There are two camping areas at Three Rivers.  One is in the desert just off hwy 54 next to the visitor center for the petroglyph trails.  The other is 7 or so miles up the road where the river comes down out of the mountains.  We stayed at the upper one.  It was quiet and uncrowded.  Desert vegetation converges with grassy foothills speckled with juniper and piñon pine.  Our campsite was cozy with a flat pad for our tent and a sheltered picnic table.  We stayed dry in the shelter when the afternoon monsoon rains came.  A nearby trail led to the vista points pictured above.  A surreal blend of flowering sotol, budding cholla, and fragrant piñon pines made up the landscape.  We cooked with the camp stove and gathered wood and lit a campfire.  The flames danced and the sky light disappeared from behind the gray monsoon clouds.

cholla crown

campsite before sunburst

The next morning I awoke before dawn and hiked upriver into the canyon folds of the White Mountains.  Ponderosa pines grow tall next to the river.  I saw no one.  Deer and cougar certainly frequent this region.  After breakfast we broke camp and headed down to the petroglyphs and walked out on the rocks under the early July desert sun.

zebra sheep


big horn with three arrows

There are over 21,000 petroglyphs that visitors can explore in the natural open amphitheater of the outdoors.  Animals are common subjects, bighorn sheep, lizards, and birds.  Geometric symbols abound.  The variety suggests interchange with many cultures, hunting, agriculture.  Human faces and forms were as interesting as ever to these petroglyph artists.  You feel original excitement discovering the glyphs haphazardly as you amble on the trail and through rock gardens.  The glorious setting, day unfolding, breeze, birds, plant fragrances, great spaces across the valley between ranges under the clear Southwest skies and hot sun, takes you away.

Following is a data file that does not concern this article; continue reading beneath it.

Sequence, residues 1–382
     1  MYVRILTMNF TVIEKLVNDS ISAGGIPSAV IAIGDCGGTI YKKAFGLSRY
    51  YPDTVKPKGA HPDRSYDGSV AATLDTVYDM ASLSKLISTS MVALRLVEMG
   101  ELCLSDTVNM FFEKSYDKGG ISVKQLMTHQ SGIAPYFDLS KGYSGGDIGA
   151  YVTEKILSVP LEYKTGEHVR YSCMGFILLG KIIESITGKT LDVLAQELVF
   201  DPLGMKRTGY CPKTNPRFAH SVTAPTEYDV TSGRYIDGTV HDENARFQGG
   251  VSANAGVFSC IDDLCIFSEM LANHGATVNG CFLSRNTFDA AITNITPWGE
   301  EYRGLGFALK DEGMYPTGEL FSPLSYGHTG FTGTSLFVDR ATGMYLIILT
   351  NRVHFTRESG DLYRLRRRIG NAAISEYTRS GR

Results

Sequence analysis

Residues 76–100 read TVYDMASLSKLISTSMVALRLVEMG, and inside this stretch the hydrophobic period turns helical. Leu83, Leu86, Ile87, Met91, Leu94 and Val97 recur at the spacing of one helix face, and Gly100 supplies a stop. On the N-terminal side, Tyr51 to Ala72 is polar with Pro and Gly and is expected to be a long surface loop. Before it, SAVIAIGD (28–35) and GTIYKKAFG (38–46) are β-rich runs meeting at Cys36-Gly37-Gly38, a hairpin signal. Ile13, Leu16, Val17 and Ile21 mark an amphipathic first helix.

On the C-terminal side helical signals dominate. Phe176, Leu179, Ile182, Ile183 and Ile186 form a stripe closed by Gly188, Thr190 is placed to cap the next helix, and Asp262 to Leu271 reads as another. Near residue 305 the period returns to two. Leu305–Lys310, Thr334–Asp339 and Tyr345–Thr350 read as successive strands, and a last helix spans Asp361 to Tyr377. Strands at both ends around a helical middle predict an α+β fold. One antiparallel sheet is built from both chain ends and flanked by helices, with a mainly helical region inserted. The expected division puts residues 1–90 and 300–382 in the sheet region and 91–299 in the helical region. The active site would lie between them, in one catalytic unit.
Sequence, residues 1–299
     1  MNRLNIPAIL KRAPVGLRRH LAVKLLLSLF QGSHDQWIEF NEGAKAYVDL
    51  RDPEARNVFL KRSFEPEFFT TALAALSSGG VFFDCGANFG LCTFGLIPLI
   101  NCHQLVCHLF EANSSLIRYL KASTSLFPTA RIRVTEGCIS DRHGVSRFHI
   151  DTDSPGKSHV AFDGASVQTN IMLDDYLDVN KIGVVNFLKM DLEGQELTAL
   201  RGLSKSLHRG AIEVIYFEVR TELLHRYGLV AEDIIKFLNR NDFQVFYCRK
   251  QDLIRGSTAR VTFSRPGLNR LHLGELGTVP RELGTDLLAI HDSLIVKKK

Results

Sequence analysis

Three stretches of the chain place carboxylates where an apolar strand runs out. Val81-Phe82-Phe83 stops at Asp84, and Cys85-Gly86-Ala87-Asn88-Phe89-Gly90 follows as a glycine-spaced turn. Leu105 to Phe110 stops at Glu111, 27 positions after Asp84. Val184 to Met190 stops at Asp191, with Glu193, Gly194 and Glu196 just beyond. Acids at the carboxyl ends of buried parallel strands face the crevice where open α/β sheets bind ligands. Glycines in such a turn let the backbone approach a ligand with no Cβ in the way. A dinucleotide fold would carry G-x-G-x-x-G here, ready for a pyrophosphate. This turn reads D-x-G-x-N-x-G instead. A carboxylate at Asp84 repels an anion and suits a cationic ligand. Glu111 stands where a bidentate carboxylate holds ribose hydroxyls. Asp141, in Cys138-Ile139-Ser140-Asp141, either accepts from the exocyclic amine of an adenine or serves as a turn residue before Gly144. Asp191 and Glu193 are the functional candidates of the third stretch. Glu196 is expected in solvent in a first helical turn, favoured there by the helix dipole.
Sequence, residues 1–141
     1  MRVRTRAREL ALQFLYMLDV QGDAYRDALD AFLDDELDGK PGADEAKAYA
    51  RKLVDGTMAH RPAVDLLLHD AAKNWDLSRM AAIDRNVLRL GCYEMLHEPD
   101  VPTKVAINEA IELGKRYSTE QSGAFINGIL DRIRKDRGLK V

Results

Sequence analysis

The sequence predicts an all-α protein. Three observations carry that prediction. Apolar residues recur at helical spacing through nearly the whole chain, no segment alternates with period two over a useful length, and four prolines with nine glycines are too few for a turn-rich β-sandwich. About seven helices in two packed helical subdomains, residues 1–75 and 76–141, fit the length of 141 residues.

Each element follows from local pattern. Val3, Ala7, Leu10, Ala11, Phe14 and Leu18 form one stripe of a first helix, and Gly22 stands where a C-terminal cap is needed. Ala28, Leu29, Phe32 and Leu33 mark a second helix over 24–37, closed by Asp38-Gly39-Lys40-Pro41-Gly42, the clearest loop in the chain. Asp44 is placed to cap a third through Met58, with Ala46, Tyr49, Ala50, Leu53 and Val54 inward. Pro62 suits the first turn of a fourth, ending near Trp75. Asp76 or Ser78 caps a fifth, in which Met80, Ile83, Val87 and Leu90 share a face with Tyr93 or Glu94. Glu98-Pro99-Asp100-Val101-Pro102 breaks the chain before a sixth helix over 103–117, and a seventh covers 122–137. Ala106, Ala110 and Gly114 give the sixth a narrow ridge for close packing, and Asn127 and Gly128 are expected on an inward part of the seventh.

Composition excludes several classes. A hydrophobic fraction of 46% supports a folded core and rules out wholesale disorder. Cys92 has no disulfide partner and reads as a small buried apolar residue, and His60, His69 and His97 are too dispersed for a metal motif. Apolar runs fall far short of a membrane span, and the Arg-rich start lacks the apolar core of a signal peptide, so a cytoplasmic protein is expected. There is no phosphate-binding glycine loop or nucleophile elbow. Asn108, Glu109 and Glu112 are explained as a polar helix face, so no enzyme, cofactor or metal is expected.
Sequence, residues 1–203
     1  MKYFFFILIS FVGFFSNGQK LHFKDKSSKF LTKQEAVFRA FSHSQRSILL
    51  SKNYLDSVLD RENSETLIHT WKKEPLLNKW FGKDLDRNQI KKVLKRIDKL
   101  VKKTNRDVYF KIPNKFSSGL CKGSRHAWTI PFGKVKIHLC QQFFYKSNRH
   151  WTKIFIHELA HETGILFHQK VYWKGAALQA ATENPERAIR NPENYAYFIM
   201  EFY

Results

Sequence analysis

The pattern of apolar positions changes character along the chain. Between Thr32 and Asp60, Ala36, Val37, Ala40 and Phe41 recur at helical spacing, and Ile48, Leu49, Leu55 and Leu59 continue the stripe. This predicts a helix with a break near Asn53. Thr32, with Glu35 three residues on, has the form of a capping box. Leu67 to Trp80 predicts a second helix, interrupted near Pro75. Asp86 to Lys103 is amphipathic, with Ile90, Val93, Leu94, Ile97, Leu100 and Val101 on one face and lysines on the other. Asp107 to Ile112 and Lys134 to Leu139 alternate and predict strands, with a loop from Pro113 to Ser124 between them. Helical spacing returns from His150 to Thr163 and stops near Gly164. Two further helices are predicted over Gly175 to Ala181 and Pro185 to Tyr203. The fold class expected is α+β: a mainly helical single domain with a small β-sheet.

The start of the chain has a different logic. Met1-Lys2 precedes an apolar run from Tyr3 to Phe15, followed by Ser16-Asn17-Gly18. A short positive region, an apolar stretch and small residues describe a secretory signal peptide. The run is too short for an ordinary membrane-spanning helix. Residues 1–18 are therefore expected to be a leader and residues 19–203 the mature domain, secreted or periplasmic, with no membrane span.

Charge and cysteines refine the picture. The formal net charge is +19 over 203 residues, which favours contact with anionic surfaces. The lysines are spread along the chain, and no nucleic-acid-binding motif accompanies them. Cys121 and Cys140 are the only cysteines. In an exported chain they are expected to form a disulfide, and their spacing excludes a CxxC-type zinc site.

circles and face

corn man

You have to hop around and leap across rock tops to get the best angles.  There are engravings everywhere.  The experience was engrossing and stream-like.   The context and continuity of the natural settings make it possible for these renderings to communicate across the threshold of space and time.  The air bristled with anticipation as the hot sun began stirring the monsoons.




The subtleties and nuances take time to digest.  The canvases of volcanic boulders were used to accentuate lines and features.  Art grafted to nature’s palette.  Human earth expression.

human horns hands

corn man two

monsoons ballooning over Sierra Blanca

Pay close attention and things open up for you.  It is not like an art museum where you are told what to look at.  Three Rivers petroglyphs is crafted in concert with the unbridled wild.  The art is uncontained and unbounded.  The are no lamp lights.  Sun and shadow.  The folds of rock hold pictures at every angle in different layers and dimensions.  It is one of the most interesting places I’ve been to.  There is much to learn.  These petroglyphs set a story tone that is gentle, intriguing, mysterious.  Like a good book each time you go back (we’ve been twice now) you discover something more.  What unique, complex and subtle creations.  Thank you BLM and New Mexico for conserving this heritage so we can listen, observe, explore, and discover.